On Feeding Beatrix

 

If you’ve followed my work for the past few years, you know that feeding our first baby was…fraught. Also terrifying, heartbreaking, and ultimately, rewarding. But never simple. I spent last year thinking a lot about how we learned to feed Violet, mostly because I was writing my book at the same time. But also because I was pregnant and quietly dreading the fact that I was going to have to do it again.

I wanted to breastfeed again. But I don’t think I had the greatest reasons. It wasn’t really about the baby’s health: I’ve been through the scientific literature enough times to know that as long as you have access to safe drinking water, breast is not necessarily best or even all that much better than formula. (It offers some immune system-boosting advantages, but that’s something of a wash with the fact that formula is a more reliable source of iron and vitamin D. All the stuff about its ability to boost IQs and prevent obesity is pure correlation. Hanna Rosin’s 2009 article reviewing the evidence is still my favorite if you need more details.) It also wasn’t a feminist thing. I get that breastfeeding is, for many mothers, a profound way to celebrate womanhood. I also see how much it complicates a couple’s ability to equally share parenting responsibilities. And it doesn’t save money because my time has value.

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Filing Under Terrible: Weight Watchers for Teens and Blue Apron for Poor People

Potluck Buffet

I’ve got two seemingly unrelated food things on my mind this week: Earlier this month, Weight Watchers announced plans to offer free memberships to teenagers this summer. And then last week, the Trump administration announced a proposal to replace half of a family’s food stamps budget with an “American Harvest Box,” of USA-grown food. White House OMB Director Mick Mulvaney described the new plan as “a Blue Apron-type program,” which was immediately mocked as an obvious reach. (Somehow I don’t see the USDA springing for full-color recipe cards — plus, what gourmet delicacy can you whip up with shelf stable milk, peanut butter, canned fruit and cereal?)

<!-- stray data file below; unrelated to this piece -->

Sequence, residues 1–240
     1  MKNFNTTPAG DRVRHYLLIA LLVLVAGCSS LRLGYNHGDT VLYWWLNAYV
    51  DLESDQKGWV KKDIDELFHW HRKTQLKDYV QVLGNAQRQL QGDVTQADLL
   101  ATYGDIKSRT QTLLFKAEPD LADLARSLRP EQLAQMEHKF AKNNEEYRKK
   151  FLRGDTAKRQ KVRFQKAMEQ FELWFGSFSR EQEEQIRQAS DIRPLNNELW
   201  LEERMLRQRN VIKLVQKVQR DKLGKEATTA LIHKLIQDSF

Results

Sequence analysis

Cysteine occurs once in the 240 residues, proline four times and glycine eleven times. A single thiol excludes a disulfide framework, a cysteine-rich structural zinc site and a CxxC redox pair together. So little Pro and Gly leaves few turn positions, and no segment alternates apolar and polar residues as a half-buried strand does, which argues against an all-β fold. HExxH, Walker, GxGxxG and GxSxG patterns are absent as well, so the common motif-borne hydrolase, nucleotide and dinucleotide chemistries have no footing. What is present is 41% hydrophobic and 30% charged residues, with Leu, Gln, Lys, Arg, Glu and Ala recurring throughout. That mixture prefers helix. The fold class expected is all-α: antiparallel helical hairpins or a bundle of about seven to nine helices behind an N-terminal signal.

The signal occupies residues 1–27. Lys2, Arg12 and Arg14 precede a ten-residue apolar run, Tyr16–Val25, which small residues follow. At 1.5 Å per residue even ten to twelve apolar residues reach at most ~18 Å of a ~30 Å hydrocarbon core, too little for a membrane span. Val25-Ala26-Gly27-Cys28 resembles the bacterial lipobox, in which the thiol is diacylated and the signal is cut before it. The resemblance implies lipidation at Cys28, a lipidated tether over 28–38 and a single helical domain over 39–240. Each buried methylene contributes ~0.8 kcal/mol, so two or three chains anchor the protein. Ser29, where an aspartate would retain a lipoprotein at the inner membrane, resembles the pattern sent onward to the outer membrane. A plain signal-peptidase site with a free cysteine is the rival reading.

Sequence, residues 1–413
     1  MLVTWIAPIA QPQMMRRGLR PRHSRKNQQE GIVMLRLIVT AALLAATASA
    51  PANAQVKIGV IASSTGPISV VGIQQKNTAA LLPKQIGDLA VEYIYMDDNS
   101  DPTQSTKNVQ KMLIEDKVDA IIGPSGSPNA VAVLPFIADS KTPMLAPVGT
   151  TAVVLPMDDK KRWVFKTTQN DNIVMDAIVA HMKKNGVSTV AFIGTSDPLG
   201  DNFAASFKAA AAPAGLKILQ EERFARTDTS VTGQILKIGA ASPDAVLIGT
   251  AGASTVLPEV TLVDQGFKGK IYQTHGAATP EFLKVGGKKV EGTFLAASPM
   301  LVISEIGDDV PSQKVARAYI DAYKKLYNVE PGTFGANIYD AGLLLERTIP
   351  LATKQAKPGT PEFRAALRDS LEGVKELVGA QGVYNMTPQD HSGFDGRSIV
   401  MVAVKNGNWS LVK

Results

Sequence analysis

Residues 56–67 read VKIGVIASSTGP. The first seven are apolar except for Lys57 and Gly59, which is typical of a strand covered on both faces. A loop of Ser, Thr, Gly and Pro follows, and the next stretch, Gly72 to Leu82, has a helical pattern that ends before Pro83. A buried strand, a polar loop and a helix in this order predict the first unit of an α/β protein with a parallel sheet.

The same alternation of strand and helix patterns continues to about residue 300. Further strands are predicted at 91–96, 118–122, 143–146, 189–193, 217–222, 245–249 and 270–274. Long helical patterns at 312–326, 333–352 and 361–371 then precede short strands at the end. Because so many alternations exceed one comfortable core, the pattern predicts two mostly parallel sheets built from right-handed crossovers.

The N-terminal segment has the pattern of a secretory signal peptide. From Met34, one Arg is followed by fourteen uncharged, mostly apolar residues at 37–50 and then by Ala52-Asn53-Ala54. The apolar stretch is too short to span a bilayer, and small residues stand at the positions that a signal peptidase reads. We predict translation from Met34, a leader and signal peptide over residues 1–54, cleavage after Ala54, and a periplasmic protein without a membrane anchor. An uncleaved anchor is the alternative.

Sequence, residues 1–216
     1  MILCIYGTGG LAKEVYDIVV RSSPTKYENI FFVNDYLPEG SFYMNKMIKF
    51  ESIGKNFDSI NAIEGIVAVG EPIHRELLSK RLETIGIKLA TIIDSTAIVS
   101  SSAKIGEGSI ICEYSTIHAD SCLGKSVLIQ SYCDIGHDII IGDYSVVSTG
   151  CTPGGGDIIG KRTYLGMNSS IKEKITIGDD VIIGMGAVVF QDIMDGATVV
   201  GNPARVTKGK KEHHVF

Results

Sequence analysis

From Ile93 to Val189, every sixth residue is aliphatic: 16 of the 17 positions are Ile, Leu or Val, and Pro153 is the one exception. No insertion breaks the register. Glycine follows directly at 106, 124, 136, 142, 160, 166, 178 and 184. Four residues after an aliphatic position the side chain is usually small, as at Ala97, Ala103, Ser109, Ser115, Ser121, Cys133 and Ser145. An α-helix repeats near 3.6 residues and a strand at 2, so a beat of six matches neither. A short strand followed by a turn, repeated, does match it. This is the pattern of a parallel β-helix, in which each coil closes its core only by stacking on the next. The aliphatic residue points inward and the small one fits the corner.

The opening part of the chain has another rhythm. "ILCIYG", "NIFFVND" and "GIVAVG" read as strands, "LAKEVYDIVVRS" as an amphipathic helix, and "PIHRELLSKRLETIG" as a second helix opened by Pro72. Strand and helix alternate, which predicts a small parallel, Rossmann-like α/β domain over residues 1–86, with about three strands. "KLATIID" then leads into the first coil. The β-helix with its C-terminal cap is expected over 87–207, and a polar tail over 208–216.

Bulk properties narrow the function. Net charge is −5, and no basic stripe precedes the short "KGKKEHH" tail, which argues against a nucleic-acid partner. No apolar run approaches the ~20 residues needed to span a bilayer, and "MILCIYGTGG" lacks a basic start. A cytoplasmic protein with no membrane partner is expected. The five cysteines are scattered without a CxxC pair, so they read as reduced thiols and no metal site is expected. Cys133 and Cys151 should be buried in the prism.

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On #MeToo and Food Shaming


Hello and happy February!

I realize seeing this post pop up may come as a bit of a surprise, since the last time I did this was, oh, May 2017. It turns out that maintaining an active newsletter while also finishing a book manuscript (and then, having a baby!) was a bit ambitious. But it’s a new year, and the book, while still several steps away away from publication, is written. So I’m excited to get back to newslettering, both so I can continue to share my thoughts on food, culture and writing, and so I can tell you more about the book as we get closer to its release into the wild… which should happen mid-November.

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Talking Jimmy Kimmel, Heart Kids and Saving the ACA on CNN’s Don Lemon

I had a quick appearance on CNN with Don Lemon last night (watch it here). Pretty much everyone has been talking about Jimmy Kimmel’s beautiful monologue about his son Billy, who was born a few weeks ago with complex congenital heart defects. It’s thoughtful and eloquent (and still funny!), all the more so because he delivered it so soon after Billy’s first open heart surgery. Their family is just beginning to process this diagnosis and the traumatic journey they’re now on. But he recognized the importance of using his platform to raise awareness about protecting the Affordable Care Act, as the Republicans try once again to take it down.